Project proposal details
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Automated profiling of copy number alterations from shallow whole-genome sequencing data of tumour samples
Project based at
Silwood Park (Imperial)
Copy number alterations (CNA) are genetic variations that cause an abnormal number of copies of genomic regions and that represents one of the most important somatic aberrations in cancers. Ovarian carcinomas exhibit profound genomic instability, with more than 95% of subtypes labelled as C class (“primarily with copy number alterations”) (Ciriello et al., Nat Genet 2013). Only 20% of ovarian cancers are diagnosed early and patients with late diagnosis have a survival rate of ~25%. High grade serous ovarian carcinoma (HGSOC), the most common form, exhibits high levels of tumour heterogeneity and variable clinical outcome. The detection of somatic CNAs from HGSOC genomic data can help develop effective and early molecular classifications of HGSOC subtypes and inform personalized treatment. However, accurate quantification of CNAs breakpoints and allele-specific variation requires expensive deep whole genome sequencing (WGS) of individual tumour samples.
The aim of this project is to develop a new cost-effective protocol for molecular classification and prognosis of ovarian carcinoma from signatures of copy number alterations in tumour genomes.
This aim will be achieved by three specific objectives.
1 Development and implementation of a novel computational method to accurately infer copy number alterations from shallow low-cost DNA sequencing data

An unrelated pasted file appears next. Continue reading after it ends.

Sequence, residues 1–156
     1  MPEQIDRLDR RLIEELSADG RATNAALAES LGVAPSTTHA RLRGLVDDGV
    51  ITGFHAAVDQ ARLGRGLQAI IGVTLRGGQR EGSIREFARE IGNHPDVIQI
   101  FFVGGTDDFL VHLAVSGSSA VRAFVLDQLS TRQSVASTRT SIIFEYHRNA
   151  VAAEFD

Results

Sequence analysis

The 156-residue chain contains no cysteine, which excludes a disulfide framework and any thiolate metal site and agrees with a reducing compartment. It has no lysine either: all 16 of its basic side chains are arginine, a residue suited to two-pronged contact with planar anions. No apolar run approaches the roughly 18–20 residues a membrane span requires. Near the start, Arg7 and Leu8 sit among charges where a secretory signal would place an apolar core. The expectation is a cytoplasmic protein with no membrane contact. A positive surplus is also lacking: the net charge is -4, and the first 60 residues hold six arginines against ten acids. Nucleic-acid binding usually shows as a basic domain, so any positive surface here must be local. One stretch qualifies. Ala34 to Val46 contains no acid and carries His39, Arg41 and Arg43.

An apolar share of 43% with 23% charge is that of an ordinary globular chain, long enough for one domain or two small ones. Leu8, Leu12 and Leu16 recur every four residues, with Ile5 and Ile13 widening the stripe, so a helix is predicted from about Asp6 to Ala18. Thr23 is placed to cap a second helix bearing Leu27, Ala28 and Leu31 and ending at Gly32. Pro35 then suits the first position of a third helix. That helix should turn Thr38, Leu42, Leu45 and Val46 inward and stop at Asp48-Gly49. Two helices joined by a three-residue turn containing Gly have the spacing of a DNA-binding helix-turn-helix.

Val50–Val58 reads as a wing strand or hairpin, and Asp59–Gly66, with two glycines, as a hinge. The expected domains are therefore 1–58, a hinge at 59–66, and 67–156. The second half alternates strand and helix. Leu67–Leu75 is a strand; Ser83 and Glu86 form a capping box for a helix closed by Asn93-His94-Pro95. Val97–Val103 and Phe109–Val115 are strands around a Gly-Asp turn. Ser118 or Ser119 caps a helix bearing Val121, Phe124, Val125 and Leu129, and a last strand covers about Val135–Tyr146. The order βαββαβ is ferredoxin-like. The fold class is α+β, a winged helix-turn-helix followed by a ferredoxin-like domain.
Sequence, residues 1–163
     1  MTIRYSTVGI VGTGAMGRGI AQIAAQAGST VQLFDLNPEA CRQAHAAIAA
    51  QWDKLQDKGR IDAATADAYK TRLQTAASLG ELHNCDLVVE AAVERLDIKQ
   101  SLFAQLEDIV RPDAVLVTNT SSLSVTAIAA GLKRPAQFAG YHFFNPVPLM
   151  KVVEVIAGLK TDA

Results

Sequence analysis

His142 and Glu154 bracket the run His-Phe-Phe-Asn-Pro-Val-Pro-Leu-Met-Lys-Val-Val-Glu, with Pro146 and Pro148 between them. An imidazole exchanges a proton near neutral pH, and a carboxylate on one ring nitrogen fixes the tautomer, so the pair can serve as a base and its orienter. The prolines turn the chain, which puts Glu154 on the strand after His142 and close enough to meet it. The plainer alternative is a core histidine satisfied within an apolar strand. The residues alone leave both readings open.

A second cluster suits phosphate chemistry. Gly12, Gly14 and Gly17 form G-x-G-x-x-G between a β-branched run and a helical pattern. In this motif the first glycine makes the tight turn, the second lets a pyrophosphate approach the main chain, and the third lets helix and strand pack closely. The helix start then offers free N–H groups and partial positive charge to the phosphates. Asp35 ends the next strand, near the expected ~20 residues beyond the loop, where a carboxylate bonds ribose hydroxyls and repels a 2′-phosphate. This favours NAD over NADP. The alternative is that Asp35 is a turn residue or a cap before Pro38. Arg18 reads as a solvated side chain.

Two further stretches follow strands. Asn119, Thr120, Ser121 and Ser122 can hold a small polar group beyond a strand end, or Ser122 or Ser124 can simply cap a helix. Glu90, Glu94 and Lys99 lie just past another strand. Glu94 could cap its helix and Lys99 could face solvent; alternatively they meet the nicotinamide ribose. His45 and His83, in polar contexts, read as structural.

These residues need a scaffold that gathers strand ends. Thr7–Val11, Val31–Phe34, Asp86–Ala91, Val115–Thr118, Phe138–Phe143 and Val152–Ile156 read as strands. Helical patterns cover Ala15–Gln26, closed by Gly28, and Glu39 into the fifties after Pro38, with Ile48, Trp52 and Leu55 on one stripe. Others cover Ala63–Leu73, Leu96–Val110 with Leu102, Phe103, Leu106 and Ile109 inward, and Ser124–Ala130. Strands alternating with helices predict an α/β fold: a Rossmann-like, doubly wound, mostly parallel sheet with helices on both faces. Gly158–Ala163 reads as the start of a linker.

2 Application of said method to large-scale existing genomic data sets of tumour ovarian high-grade serous carcinoma
3 Evaluation of results to (i) improve prediction accuracy of patient’s survival and relapse probability and (ii) design cost-effective genomic screening protocol
Our team has developed and implemented computational methods to analyse low-cost short-read shallow WGS data for population genetics (Fumagalli et al., Bioinformatics 2014). This framework integrates the statistical uncertainty of sequencing data into the estimation of metrics of genetic variability (Fumagalli et al., Genetics 2013), therefore, it is widely applied in the study of non-model systems, ancient samples, and aneuploid species with chromosomal aberrations. We propose that this framework is highly attractive to detect CNA in tumour genomes as it maximizes the sample size (and thus any statistical power) while limiting the experimental cost (as it does not require deep sequencing of individual samples) and data storage.
This project will analyse both synthetic and real WGS data. Simulated synthetic data of whole-genome human cancers will be used to benchmark the performance of CNA quantification at different experimental scenarios (e.g. depth of coverage, reads length). To assess the applicability of the proposed methodology on real data, we will analyse shallow WGS data (average depth 0.1X) on 300 tumour samples from 142 patients with recurrent ovarian high-grade serous or grade 3 endometrioid carcinoma, recruited by the BriTROC-1 translational research collaborative consortium (Goranova et al., Br J Cancer 2017). This data set includes pathological data for each patient.
The project will be co-supervised by Dr Nadia Guerra (Life Sciences) and Professor Iain McNeish (Medicine).
good programming skills/attitude (linux/bash and R or python or julia); comfortable with statistics
additional training in bioinformatics will be provided
Selection and eligibility
the student will benefit from some knowledge on cancer biology